Power and charging subsystem implementation
The battery power and charging subsystem in a Windows platform should implement the ACPI Control Method Battery interface. Windows uses this interface to get status information from the battery subsystem and to receive notifications of battery events.
Windows features a robust battery and power subsystem device driver model. Power management information is conveyed to the Windows power manager through a battery device driver. This information is then aggregated and exposed to the Windows user interface through battery device IRPs and a set of power management software APIs.
The battery driver model for Windows is a port/miniport model; that is, the battery model and interfaces are defined so that new battery types can be exposed through a miniport driver, as shown in the following block diagram. However, in practice, only the ACPI Control Method Battery interface is used. A HID battery miniport driver for USB-attached Uninterruptible Power Supply (UPS) devices is supported, but this driver is not used for system batteries.
All Windows platforms are expected to expose their batteries and charging subsystem through the ACPI Control Method Battery interface. The battery miniport interface should not be used for platform-specific battery charging subsystems. The ACPI 5.0 specification defines control methods to enable Windows to obtain battery information and current status. In addition, the ACPI interface provides events to enable the hardware platform to notify Windows of battery and power source changes, such as a transition from AC to battery power.
The Windows power manager periodically requests status information from the battery, including the remaining charge capacity and the current rate of drain. This request originates in the power manager itself, a higher-level user interface component, or in an application. The power manager turns the request into an I/O request packet (IRP) to the battery device, which is then turned into the appropriate control method by the Windows control-method battery driver, Cmbatt.sys. The method executes and the result is returned up the driver stack.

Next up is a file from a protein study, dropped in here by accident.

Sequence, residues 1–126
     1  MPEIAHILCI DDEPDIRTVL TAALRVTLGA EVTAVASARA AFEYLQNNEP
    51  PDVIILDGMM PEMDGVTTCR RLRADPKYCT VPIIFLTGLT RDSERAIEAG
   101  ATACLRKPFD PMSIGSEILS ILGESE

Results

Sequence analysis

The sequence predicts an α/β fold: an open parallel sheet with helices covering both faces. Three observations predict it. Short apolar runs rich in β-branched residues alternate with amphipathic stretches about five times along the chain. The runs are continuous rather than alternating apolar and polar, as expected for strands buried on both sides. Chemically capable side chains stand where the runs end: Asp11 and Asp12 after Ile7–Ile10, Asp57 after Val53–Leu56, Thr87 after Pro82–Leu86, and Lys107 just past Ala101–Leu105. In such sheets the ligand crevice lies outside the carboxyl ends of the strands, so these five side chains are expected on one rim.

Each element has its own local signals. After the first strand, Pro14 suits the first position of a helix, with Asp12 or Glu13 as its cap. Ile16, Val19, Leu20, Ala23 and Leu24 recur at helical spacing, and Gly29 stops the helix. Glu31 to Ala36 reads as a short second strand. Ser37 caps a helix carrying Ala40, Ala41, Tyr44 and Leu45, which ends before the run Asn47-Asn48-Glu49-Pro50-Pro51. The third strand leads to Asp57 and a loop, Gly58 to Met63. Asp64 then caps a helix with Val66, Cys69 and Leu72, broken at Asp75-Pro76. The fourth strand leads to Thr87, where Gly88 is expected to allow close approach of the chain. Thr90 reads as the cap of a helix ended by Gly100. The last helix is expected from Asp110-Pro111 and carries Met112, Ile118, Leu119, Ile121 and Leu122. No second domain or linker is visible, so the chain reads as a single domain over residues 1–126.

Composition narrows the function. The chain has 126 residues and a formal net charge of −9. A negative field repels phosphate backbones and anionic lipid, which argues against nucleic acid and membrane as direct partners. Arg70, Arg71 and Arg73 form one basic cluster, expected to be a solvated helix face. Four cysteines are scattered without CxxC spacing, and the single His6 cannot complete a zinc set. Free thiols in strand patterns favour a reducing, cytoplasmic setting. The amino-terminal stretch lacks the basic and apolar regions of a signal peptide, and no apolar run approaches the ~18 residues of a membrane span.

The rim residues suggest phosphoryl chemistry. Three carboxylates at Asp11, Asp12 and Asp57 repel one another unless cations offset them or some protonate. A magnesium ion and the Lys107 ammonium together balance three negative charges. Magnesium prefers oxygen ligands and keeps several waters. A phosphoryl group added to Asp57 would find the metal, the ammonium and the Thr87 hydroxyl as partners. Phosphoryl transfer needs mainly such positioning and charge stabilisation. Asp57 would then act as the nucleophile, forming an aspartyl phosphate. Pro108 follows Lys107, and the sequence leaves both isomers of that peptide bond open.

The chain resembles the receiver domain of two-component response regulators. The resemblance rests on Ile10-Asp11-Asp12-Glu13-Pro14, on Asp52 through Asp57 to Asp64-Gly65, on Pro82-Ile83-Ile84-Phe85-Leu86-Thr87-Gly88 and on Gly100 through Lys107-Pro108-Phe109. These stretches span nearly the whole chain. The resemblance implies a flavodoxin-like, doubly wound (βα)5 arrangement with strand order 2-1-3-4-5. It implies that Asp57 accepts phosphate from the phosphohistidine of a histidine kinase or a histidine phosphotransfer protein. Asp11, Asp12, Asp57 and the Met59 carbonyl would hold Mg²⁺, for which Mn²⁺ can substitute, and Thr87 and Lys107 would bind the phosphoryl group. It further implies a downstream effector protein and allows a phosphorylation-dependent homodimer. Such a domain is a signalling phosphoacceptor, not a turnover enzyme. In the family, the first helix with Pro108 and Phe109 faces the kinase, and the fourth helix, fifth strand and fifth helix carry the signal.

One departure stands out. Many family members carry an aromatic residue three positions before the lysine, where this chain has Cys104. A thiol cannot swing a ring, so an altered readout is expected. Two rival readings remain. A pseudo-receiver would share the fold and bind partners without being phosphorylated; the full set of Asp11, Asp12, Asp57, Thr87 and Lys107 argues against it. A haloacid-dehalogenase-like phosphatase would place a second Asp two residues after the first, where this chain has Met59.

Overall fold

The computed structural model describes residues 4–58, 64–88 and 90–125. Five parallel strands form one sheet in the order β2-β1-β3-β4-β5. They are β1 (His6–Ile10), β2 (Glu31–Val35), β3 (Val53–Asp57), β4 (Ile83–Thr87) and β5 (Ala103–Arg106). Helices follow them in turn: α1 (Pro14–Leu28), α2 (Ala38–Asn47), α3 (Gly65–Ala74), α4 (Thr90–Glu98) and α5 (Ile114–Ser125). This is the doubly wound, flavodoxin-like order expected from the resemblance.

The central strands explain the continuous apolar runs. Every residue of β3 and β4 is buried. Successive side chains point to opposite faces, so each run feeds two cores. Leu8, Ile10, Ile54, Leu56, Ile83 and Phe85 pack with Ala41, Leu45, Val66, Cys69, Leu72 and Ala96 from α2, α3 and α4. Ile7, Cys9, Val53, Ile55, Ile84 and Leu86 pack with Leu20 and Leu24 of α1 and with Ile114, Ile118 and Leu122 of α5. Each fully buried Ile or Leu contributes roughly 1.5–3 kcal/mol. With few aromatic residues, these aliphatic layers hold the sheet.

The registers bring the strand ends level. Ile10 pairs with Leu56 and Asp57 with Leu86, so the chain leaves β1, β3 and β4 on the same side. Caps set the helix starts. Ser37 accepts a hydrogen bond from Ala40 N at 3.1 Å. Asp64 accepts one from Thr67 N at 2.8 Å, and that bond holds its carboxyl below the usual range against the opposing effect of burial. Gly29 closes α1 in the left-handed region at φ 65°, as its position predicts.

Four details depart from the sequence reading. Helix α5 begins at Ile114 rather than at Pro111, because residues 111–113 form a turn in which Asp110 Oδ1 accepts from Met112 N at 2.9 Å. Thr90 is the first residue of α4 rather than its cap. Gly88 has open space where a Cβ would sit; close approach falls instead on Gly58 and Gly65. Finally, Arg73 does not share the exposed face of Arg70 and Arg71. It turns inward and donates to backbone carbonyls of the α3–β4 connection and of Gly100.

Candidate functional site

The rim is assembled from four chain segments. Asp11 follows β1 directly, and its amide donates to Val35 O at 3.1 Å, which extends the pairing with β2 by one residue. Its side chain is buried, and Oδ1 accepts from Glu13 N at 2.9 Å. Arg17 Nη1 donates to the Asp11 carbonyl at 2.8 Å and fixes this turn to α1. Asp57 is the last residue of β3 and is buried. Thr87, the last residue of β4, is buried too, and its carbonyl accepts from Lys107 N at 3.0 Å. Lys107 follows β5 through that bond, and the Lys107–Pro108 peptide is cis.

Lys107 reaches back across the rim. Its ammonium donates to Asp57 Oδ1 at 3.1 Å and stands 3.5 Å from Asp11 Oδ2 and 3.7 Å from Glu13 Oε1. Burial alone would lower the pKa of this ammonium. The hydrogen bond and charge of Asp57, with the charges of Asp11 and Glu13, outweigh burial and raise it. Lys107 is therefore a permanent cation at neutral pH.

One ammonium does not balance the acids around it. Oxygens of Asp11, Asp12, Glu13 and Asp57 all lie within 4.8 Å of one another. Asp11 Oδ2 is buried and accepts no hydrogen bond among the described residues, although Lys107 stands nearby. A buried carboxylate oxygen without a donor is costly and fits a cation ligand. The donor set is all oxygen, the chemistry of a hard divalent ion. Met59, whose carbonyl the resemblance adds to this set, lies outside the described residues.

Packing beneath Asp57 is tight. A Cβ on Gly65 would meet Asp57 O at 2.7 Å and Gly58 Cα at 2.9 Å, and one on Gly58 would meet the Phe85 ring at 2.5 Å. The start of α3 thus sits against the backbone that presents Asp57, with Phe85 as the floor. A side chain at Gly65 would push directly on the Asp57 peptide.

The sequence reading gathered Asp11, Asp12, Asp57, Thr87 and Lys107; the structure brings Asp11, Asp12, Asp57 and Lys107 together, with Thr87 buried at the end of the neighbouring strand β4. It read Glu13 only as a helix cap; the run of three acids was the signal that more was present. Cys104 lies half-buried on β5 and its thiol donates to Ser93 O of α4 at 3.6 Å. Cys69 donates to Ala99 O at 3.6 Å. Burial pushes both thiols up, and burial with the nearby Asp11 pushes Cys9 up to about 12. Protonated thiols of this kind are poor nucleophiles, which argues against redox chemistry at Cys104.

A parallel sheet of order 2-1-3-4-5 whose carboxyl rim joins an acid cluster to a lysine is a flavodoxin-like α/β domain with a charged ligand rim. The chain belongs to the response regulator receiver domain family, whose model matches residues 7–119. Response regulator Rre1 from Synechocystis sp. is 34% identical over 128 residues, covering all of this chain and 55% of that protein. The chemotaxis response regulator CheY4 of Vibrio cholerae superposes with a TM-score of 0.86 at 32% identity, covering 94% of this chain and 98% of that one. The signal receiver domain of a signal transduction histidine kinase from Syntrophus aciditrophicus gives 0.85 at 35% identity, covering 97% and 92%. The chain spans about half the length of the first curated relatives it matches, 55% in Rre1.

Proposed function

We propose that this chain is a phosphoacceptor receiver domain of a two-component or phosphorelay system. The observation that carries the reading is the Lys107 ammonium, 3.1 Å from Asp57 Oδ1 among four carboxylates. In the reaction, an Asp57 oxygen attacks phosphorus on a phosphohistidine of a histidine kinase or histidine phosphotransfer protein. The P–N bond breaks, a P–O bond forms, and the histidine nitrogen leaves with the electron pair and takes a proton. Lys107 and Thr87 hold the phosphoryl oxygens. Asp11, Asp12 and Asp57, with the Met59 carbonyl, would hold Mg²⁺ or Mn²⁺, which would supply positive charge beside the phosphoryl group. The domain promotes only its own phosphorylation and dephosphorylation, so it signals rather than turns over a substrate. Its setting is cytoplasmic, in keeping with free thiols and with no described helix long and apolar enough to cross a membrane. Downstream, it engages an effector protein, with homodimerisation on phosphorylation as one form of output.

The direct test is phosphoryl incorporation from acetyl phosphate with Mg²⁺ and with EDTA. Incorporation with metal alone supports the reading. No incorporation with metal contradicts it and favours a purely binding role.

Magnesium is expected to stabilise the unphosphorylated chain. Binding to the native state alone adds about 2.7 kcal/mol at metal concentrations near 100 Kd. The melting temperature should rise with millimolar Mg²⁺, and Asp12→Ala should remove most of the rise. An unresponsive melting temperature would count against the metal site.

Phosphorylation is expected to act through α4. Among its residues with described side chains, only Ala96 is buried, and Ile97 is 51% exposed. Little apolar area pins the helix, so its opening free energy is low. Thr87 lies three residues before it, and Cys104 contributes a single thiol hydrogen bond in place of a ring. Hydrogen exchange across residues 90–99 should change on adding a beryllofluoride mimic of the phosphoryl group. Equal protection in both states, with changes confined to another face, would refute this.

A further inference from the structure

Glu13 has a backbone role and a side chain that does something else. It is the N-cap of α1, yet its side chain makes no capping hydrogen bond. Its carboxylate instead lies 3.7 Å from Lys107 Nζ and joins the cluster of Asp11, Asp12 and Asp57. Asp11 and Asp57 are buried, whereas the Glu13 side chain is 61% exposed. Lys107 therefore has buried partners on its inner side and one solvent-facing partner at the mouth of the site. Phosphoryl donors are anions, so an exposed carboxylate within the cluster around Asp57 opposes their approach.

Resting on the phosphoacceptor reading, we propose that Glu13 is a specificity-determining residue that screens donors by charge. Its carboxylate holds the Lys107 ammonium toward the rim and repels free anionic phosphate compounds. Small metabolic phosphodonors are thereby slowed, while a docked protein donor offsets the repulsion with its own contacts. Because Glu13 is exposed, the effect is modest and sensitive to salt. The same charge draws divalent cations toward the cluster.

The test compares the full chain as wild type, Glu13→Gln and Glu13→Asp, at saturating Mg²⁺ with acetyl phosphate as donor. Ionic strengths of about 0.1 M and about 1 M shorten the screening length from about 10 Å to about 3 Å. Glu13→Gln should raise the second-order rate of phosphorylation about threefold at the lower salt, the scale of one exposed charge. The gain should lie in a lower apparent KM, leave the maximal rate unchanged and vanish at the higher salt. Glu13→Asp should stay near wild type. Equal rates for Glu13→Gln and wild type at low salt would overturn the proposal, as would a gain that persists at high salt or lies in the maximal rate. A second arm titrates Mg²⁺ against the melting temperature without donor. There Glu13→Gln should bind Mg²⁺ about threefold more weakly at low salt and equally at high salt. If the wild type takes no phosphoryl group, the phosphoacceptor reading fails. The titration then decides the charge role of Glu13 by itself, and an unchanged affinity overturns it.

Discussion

In the case of status information, the battery status (_BST) method is the appropriate control method. The _BST method requires the ACPI firmware to obtain current information from the power subsystem. The result of the _BST method is a buffer that contains the required information, which is returned to the control-method battery driver. The control-method battery driver converts the buffer contents to the format required by the battery driver and Windows power manager.
The power and battery subsystem generate several notifications to the operating system for state changes, including changes in the level of charge, transitions from AC to battery power, and so on. It is undesirable to continuously poll for these state changes because doing so requires a high polling frequency. Therefore, the hardware platform must implement an event-driven model to notify Windows of changes in the power and battery subsystem.
When battery status (including remaining capacity or charging status) changes, the ACPI firmware must issue a Notify(0x80) command on the Control Method Battery device. In response, the Control Method Battery driver in Windows evaluates the _BST method and returns the updated information to the power manager.
When battery static data changes (including last full charge capacity, design capacity, and cycle count), the ACPI firmware is required to issue a Notify(0x81) command on the Control Method Battery device. In response, the Control Method Battery driver in Windows evaluates the _BIX method and returns the updated information to the power manager.
ACPI Notify events are signaled through either the System Control Interrupt (SCI), in the case of embedded controller-equipped platforms, or through general-purpose I/O (GPIO), in the case of platforms that have battery subsystem hardware directly connected to the core silicon.